Tackling global problems with Technology
According to the WHO, 37.9 million people were living with HIV in the world, at end-2018, of which 8.1 million didn’t know they had the disease.
In 2017, the number of children and adolescents living with HIV reached 3 million, with 430,000 newly infected and 130,000 died from AIDS-related causes that year, according to UNICEF.
During 2018, 26.000 new HIV infections among children aged 0-14 years, were the results of withdrawal of treatment during pregnancy and because of breastfeeding (UNAIDS).
The control of dangerous viruses and bacteria with high replication rates is a global challenge for many scientists and companies around the world.
One of these technologies that promises to be an effective countermeasure in the fight against bacteria and viruses comes from Copper Nanotechnology.
Copper3D specializes in the use of nano-copper based additives in the 3D printing industry, aiming to "hack" the most used materials by the industry (PLA, TPU, PETg among others) adding antimicrobial properties to these polymers and 3D printed objects.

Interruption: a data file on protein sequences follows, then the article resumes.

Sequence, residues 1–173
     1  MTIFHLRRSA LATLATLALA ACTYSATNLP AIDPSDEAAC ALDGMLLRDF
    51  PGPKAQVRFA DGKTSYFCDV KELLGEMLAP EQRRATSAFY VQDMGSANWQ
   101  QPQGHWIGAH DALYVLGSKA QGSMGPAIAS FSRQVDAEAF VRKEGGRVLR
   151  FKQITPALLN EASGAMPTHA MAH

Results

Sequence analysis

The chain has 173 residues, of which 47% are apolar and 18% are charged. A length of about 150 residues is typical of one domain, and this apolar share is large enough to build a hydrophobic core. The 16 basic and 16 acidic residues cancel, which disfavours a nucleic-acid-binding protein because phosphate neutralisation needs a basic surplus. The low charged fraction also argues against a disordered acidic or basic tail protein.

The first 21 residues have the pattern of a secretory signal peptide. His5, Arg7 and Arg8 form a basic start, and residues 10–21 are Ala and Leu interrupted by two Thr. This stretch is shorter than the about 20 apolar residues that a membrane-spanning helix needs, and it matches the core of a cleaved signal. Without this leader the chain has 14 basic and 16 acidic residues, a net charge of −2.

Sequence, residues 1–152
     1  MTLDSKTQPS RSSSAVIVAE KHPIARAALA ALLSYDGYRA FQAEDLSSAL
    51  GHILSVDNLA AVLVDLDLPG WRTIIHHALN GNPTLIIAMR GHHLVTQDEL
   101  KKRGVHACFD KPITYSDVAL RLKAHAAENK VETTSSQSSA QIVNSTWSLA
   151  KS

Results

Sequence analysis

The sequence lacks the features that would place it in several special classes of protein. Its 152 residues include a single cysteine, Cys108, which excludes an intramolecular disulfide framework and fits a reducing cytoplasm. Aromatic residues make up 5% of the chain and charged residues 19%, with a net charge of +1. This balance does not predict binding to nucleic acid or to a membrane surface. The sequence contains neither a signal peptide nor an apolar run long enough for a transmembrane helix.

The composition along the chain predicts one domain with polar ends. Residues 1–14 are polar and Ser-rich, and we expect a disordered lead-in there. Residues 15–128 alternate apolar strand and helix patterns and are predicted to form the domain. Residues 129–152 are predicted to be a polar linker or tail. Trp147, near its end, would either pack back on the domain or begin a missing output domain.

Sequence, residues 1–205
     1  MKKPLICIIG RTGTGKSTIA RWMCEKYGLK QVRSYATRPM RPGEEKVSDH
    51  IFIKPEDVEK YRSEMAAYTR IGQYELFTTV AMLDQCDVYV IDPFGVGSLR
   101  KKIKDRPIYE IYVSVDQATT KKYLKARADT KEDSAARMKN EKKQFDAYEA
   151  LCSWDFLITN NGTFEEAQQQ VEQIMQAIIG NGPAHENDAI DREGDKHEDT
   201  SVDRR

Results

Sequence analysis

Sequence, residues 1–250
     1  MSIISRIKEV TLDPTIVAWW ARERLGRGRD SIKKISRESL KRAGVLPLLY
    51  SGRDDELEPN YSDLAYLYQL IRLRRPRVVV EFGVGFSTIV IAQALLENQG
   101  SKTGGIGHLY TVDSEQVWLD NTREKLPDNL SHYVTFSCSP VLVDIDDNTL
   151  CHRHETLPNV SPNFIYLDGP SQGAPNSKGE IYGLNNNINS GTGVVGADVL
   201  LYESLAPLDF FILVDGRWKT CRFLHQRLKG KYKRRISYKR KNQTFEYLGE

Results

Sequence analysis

“Understanding the global problem behind the HIV statistics and analyzing the role that our antimicrobial materials could have in containing the transmission of HIV virus led us think that we could develop some kind of device that acts like an interface between mother and child to prevent the spread of this virus through breastfeeding, which is one of the main routes of infection”, mentions Dr. Claudio Soto, Medical Director of Copper3D.
With this challenge in mind, the Copper3D team, whose founders are Andrés Acuña (CEO), Daniel Martínez (Director of Innovation) and Claudio Soto MD (Medical Director), got to work on a project they called: Viral Inactivation System for a Breastmilk Shield to Prevent Mother-to-Child Transmission of HIV, which resulted in a patent application that was submitted in March 2019.